Description of the Current Status, Operation, & Consequence The Motorcycle’s current status is that it is still in function and use within the modern world. It operates as a Transportational vehicle all over the world. The consequence of motorcyles being used as transportational vehicle is thouroughly explained in “The Usefulness/Impact on Society” section of this essay. List of Materials and Justification for their Use A Motorcycle basically consists of a Frame, Handle bar, Two Wheels/Ties, Engine, Pedal, Suspension System, Saddle, Brake and Shifter. 1) Frame – Is the main body, that all the components are basically attached to 2) Tire – Attached to the frame, the function of the two tires is to spin and move the motorcycle either move forward or backwards (reverse) 3) Engine – is the source of power/work that provides the the enegry to spin the wheels. 4) Handle Bar – this allows the rider to control the direction of the motorcycle 5) Brake – The brakes are located on the Handle bar, this allows the to slow down the motorcycle 6) Pedal – the pedal is located near the area where your feet rest, pressing down on the pedal makes the engine to exert more power 7) Shifter – also located on the handlebar, it changes the gear of the motorcycle, making it having a faster constant speed or lower. 8) Suspension system – this allows the frame to stay stabble by absorbing all the wobbling and shaking that is formed by the friction of the tires on the ground. 9) Sadle – this is where you sit. The Scientific Principles Invovled I have included 3 physics principles related to the motorcycles: Torque, Doppler Effect, and Heat engines. And I have also included a very indept and intresting principles from the sceince of of the motion of motorcycles known as Motorcycle Dynamics. Motorcycle Dynamics is a very new science type and thus I have included a very large portion of information about it in my essay. Torque: Torque: General Information E = (τ)(θ) E is the energy, τ is torque & θ is the angle moved, in radians. Torque has dimensions of force times distance and the SI units of torque are stated as "newton metres”. Even though the order of "newton" and "metres" are mathematically interchangeable, the BIPM (Bureau International des Poids et Mesures) specifies that the order should be N·m not m·N. The joule, which is the SI unit for energy or work, is also defined as 1 N·m, but this unit is not used for torque. Since energy can be thought of as the result of "force dot distance", energy is always a scalar whereas torque is "force cross distance" and so is a (pseudo) vector-valued quantity. Of course, the dimensional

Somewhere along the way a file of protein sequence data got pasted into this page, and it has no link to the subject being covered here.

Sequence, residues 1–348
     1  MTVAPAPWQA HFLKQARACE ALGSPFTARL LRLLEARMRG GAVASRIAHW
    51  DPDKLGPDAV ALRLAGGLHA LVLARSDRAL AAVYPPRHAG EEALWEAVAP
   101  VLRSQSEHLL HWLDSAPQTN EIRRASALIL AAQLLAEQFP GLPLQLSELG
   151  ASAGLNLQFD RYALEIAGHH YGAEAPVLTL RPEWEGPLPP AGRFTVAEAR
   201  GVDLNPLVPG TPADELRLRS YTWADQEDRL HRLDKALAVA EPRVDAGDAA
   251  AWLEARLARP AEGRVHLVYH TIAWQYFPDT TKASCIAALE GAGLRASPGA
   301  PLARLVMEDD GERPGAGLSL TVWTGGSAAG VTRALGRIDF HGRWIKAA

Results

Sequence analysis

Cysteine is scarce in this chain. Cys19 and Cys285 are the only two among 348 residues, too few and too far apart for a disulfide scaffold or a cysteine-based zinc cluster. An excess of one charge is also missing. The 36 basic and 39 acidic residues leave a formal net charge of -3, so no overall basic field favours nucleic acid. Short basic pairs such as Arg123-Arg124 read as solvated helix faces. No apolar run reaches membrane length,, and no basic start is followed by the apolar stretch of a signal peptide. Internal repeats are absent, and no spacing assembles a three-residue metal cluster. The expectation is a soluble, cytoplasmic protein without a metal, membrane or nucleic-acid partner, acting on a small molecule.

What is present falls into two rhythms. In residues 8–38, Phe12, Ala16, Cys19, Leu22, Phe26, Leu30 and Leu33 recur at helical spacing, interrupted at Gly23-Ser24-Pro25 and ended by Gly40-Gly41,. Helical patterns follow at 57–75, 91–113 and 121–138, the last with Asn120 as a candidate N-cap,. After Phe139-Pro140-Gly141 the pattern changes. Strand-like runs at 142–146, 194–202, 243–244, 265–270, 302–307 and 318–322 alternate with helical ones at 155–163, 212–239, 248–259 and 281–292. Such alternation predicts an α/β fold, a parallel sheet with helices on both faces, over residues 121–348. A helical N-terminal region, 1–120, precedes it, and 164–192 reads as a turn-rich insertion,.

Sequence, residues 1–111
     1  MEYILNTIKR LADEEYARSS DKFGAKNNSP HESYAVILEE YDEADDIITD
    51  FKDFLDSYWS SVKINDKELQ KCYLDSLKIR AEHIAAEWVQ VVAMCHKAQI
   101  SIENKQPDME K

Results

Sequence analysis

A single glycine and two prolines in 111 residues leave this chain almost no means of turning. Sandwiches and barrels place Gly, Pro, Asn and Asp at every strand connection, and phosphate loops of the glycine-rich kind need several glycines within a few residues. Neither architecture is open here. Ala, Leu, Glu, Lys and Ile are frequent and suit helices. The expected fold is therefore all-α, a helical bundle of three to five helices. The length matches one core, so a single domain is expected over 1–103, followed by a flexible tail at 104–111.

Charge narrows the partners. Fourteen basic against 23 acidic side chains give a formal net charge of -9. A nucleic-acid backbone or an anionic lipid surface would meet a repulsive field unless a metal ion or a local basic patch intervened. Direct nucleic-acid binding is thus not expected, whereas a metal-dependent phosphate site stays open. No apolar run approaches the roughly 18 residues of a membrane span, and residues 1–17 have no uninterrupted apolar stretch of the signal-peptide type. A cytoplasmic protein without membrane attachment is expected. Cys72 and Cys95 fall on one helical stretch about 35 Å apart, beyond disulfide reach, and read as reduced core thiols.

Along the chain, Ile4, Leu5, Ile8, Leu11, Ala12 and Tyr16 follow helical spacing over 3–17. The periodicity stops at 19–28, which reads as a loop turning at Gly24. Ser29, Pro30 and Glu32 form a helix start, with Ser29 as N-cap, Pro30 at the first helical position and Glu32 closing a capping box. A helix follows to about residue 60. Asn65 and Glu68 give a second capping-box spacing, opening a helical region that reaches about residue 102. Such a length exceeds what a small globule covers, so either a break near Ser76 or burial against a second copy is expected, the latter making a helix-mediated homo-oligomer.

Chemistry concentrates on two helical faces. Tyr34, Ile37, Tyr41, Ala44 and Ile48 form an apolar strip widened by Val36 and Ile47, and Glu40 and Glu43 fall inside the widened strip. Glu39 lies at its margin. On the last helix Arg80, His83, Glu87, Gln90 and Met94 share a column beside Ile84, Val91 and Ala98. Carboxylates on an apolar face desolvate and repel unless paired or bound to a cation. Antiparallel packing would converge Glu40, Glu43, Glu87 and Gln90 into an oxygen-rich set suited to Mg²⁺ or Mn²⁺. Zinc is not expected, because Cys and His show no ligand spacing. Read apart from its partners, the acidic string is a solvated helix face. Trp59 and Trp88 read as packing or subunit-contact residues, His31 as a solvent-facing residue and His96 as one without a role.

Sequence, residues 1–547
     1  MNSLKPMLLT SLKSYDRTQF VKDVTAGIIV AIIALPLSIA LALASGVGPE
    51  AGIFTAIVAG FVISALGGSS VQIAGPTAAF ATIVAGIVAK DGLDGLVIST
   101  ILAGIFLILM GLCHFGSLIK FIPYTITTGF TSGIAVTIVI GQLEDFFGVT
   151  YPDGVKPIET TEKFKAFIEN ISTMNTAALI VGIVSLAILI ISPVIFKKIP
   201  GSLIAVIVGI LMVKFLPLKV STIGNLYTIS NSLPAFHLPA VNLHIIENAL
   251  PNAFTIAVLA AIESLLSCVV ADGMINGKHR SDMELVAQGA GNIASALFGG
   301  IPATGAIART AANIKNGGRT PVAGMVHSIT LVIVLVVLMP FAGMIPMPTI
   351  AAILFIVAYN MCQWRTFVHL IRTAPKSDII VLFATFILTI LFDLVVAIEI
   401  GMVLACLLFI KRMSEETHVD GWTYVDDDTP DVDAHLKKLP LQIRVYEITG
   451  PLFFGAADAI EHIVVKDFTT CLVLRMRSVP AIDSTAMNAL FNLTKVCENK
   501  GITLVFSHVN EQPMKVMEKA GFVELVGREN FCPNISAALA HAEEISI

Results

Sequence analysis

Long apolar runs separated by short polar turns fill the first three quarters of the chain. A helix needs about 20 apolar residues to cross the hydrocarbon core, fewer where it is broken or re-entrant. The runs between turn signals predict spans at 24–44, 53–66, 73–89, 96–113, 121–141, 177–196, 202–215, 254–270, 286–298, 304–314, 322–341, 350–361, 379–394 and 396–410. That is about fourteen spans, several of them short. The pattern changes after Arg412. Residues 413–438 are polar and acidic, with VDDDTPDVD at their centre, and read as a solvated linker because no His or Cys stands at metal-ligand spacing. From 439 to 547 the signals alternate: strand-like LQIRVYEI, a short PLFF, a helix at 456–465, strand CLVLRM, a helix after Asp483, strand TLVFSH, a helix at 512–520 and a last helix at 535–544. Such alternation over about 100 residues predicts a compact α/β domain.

equivalence of these units is not simply a coincidence; a torque of 1 N·m applied through a full revolution will require an energy of exactly 2π joules. Torque: Application to Motorcycles Torque is part of the basic specification of an engine: the power output of an engine is expressed as its torque multiplied by its rotational speed. Internal-combustion engines produce useful torque only over a limited range of rotational speeds (typically from around 1,000–6,000 rpm for a motorcycle). The varying torque output over that range can be measured with a dynamometer, and shown as a torque curve. The peak of that torque curve usually occurs somewhat below the overall power peak. The torque peak cannot, by definition, appear at higher rpm than the power peak.Understanding the relationship between torque, power and engine speed is vital in automotive engineering, concerned as it is with transmitting power from the engine through the drive train to the wheels. Typically power is a function of torque and engine speed. The gearing of the drive train must be chosen appropriately to make the most of the motor's torque characteristics. Torque is also the easiest way to explain mechanical advantage in just about every simple machine including motorcycles. Doppler Effect: Doppler Effect: General Information f' = ( v / v ± vs ) ( f ) f’ is the observed frequency, f is the emmitted frequency, v is the speed of waves in the medium (in air at T degrees Celsius) & vs is the velocity of the source (the thing emitting the sound). The Doppler affect is a change in transmitted frequency which is perceived to have occurred by a receiver as a result of the existence of relative motion between the transmitter and the receiver. The magnitude of the Doppler shift is directly proportional to the rate of relative velocity between the transmitter and receiver. The Doppler affect is evident to man as the change in the pitch of sound of a fast moving vehicle as it passes us affect. If we consider the use of relative units of measure for both distance and time, rather than pre-defined absolute units (which have no natural relationship to the observation of current interest), then the Doppler affect may still be physically perceivable, but the mathematical value assigned to the frequency and wave length will remain identical for all receivers and independent of the amount of motion. And if the mathematical value of the frequency and wave length are constant, then so too must be the mathematical value of the relative velocity. Doppler Effect: Application to Motorcycles The horn on a passing motorcycles will start out higher than its stationary pitch, slide down as it passes, and continue lower than its stationary pitch as it recedes from the observer. Astronomer John Dobson explained the effect thus:"The reason the siren slides is because it doesn't hit you." In other words, if the horn approached the observer directly, the pitch would remain constant (as vs, r is only the radial component) until the vehicle hit him, and then immediately jump to a new lower pitch. Because the vehicle passes by the